Ingredient manufacturers are turning out a variety of pea protein products to meet consumer demand for healthier food options, including in the bakery segment, according to Baking Business.
As a result, muffins and biscuits — and other more healthy breakfast choices — are where people are looking for higher protein levels. Pea proteins also can replace allergens, including wheat, dairy and egg, which is one of their advantages over soy, wheat and whey substitutes.
Pea proteins are available as isolates, concentrates and flours. Their functions include water holding, gelation and more browning, especially for gluten-free products, ingredient supplier Ingredion told Baking Business.
Pea proteins are gaining popularity as a way to add the nutrient to products and help keep gluten-free items together. They offer functional benefits and a healthier image, which comes from a 25% protein content. According to Baking Business, that level exceeds wheat and rice, at 13% and 7%, respectively, but it falls short of soy's 34% protein content. However, pea proteins also have the asset of being more sustainably produced than soy, ingredients experts said.
Pea proteins do have some disadvantages as well, including lacking the amino acids lysine and threonine. This means they aren't complete proteins without being combined with rice, whey or soy — which can introduce allergen issues. Pea-derived protein products also can convey a vegetable flavor and a dry texture, neither being assets in the manufacturing process or to consumers on the retail end.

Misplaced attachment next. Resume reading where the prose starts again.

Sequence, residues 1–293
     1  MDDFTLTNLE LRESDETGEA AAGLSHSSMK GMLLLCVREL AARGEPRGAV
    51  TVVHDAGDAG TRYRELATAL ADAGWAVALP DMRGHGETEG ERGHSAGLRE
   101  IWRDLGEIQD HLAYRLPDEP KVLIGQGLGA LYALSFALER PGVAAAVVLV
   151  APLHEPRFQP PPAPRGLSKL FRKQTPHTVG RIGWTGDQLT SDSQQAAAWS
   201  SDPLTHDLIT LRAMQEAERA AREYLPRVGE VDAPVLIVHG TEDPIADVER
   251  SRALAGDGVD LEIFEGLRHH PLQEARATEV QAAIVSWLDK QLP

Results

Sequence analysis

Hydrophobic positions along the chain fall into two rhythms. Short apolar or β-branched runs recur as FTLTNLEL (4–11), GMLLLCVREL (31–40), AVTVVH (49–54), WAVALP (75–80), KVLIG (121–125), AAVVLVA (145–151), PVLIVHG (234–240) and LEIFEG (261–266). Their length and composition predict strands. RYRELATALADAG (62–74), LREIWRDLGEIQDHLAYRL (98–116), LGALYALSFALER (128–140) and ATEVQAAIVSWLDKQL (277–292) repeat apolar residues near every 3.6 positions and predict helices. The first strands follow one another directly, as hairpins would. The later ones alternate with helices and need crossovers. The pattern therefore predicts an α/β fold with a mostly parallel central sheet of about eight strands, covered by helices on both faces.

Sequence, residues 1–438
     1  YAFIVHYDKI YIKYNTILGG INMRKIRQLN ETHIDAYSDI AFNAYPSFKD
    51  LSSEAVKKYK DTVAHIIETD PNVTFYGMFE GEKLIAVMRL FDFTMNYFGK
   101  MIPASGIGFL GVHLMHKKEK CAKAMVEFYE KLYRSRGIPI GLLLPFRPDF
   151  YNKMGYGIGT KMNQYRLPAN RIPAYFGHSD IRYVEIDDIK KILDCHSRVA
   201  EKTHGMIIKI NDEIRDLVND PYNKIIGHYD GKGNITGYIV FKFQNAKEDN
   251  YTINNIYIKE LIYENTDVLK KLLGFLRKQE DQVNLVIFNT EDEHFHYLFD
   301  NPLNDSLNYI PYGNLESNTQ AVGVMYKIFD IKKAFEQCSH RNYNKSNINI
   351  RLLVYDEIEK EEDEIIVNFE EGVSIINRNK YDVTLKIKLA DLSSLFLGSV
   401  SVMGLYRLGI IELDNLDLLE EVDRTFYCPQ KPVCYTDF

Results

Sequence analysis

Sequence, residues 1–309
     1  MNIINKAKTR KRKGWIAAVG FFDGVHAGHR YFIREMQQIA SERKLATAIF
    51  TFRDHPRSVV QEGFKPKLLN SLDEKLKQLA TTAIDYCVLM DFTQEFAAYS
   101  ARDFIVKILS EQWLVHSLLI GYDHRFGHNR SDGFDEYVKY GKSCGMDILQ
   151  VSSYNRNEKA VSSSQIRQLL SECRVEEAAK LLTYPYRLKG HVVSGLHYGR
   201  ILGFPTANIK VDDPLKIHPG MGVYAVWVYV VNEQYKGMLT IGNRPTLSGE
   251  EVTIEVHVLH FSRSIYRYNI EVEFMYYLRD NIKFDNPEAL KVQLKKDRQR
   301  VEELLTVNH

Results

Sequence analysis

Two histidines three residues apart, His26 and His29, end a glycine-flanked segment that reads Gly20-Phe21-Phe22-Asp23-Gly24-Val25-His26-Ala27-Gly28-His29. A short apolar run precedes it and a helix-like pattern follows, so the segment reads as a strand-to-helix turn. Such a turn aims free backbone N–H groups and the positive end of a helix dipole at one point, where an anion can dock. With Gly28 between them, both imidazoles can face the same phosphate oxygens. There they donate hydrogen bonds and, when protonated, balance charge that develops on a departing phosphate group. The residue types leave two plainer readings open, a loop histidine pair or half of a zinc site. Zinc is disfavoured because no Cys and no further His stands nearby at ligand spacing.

The ingredient has a number of positives attributes as well. Pea proteins have been found to help with triglyceride and cholesterol levels. Research on rats has shown they can aid in controlling cholesterol levels and also influence healthy blood pressure
Supplier Roquette said its biggest market for pea protein is the specialty nutrition sector for sports, clinical applications and weight management, but there is also strong demand from manufacturers of dairy-free and meat-free products. Ripple Foods has pea-based milk and yogurts they claim are tastier and more environmentally friendly than other plant-based products in the marketplace. The protein also is a major ingredient in Beyond Meat's plant protein-based burgers.
Manufacturers are finding other uses for pea proteins in a wide variety of baked products. According to Cargill, which makes an organic and non-GMO pea protein ingredient line called PURIS, they're being included in breads, waffles, cereals and snacks. This is in response to the 64% of consumers who, according to a 2016 International Food Information Council Foundation study, wanted to include more of the ingredient in their diets.
It's likely that more product applications will be emerging as the popularity of pea protein grows. The U.S. makes up the majority of the North American pea protein market, Research and Markets reported. The market value — estimated at $8.3 million last year — is projected to grow at a compound annual growth rate of 10.5% through 2024.